Sumi: Solid Ink the Kobaien Way
Before the obsession with mecahnical pencils and ball-point pens, people took immense pleasure in writing with brushes and black ink.
Traditional ink is solid, and is dissolved on an as-needed basis by rubbing it in a few drops of water on an inkstone. There are few people who regularly use this method of writing, though children are still taught the basics of calligraphy in school. But it’s is still an important part of Japanese culture, and people often use calligraphy at weddings and funerals.
Ink production originated in China and the techniques were imported to Japan around the year 610. Since Nara prefecture was a seat of national politics, and also home to many shrines and temples, demand for ink was high. It’s said that artisans in Nara began developing ink-making techinques by using the soot collected the from pine resin burned at Kofukuji temple. Ink production spread across Japan, but has drastically decreased due to shrinking demand. But Nara still corners what’s left of the market, shipping over 90% of the country’s ink.
Kobaien has been producing sumi for over 400 years. Established in 1577, they are the oldest ink maker in Japan. They originally used Chinese techniques, but developed their own methods along the way. The company has even won a Chinese client base. While competitors market a cheaper, mass produced product, each piece of Kobaien ink is handmade by 4 to 5 craftsmen. Only three raw materials used: soot, glue, and fragrance.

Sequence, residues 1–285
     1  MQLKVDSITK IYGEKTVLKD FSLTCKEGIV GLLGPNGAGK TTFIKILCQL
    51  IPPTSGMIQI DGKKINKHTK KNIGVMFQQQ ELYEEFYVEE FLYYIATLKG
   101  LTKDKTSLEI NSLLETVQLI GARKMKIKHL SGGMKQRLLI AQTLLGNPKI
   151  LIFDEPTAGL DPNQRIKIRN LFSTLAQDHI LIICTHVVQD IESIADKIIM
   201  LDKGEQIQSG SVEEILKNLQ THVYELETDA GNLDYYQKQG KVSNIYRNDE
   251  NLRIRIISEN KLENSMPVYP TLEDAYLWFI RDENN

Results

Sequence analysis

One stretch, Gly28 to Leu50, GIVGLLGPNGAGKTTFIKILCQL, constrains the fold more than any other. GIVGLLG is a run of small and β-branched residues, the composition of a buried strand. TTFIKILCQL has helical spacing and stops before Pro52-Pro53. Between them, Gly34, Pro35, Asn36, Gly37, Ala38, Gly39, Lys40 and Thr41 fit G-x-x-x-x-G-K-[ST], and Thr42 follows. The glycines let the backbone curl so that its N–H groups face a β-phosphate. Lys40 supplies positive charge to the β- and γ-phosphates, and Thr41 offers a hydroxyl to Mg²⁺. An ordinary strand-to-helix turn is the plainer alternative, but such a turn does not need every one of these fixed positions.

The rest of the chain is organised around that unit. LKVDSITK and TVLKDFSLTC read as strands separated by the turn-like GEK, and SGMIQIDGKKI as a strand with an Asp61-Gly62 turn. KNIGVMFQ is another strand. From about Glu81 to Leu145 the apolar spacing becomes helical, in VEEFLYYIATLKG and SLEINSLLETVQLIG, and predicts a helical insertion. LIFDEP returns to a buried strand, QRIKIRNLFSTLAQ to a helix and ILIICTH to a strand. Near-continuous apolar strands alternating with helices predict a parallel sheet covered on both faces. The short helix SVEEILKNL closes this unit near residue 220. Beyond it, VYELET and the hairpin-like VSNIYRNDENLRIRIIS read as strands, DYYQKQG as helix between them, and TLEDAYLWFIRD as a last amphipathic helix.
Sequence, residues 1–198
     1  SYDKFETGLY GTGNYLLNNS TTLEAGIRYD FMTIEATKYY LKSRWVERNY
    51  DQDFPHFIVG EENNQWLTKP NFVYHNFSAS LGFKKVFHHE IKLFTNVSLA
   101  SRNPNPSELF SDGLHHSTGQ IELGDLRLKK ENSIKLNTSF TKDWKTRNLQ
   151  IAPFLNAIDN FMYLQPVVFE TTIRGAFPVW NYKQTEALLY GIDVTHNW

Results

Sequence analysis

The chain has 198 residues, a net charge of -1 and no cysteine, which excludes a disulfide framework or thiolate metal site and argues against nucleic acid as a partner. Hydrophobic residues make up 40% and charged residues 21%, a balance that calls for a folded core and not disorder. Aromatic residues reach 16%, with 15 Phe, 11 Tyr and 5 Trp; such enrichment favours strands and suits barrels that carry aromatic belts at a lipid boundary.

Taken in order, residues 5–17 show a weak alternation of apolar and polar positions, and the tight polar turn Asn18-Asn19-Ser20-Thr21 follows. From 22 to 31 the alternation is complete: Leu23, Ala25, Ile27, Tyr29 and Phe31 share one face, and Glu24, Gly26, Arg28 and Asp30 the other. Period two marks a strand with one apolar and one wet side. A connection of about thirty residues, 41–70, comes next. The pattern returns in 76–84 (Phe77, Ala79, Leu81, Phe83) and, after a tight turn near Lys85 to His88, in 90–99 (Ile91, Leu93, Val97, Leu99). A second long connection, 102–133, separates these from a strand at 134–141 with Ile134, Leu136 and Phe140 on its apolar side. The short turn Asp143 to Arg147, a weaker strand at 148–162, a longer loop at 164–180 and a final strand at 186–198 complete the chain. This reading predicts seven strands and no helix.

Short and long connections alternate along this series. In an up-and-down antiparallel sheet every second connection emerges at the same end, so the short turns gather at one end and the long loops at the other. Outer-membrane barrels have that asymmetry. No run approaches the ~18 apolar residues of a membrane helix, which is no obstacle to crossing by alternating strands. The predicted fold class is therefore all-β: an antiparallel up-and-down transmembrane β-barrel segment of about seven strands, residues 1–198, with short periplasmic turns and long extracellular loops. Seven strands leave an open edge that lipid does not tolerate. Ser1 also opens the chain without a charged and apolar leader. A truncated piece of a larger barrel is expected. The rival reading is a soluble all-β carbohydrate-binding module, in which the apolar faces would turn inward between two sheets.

First, the soot is collected by burning oil. A cloth cover placed over the “candle” catches the soot. The finer the wick, the finer the soot particles. And the finer the soot particles, the higher quality the product. The craftsmen must ensure a consant supply of oil and make sure the wick doesn’t sink. All this while turning the fabric to make sure it’s evenly covered in soot. This understated procedure has a big impact on how the ink turns out. A mechanized process can produce identical soot particles, but natural soot is uneven, and the fine particles take on various shapes and sizes. Calligraphers value this irregular composition, saying it creates a lively expression on paper.
Next comes the most physically demanding part of production. Liquid glue and fragrance are blended with the soot, and the mixture is separated into small balls. These are then pressed into moulds made from pear trees. (The moulds are prized as art objects themselves.) The moulded ink contains moisture and is dried with oak ash. Wet ash is replaced daily with drier ash so the ink dries evenly from the inside out. The ink is then suspended with straw in the last stage of this process.
Kobaien‘s flagship product is Safflower Ink. Its glossy surface is created by lightly roasting it in a fire and polishing it with clam shells. In 2015 the company marked their 70,000th piece of ink produced with this technique. And its craftsmen continue to respect this tradition despite the scarcity of quality glue, fragrance, and clam shells large enough for the job. Since the materials used are all natural, calligraphy art created with this ink can retain its original appearance for hundreds of years. Enthusiasts can clear their minds and relax while enjoying the perfume of the ink as they prepare to write or paint.
Ink season runs from November to April, and visitors to Kobaien can try their hand at making sumi. Access to the Meiji-era workshop is offered exclusively to participants, so it’s a very special experience that’s not to be missed.
By Haruka Muta
December 21, 2016
The Kobaien information
7, Tsubai-cho, Nara-shi, Nara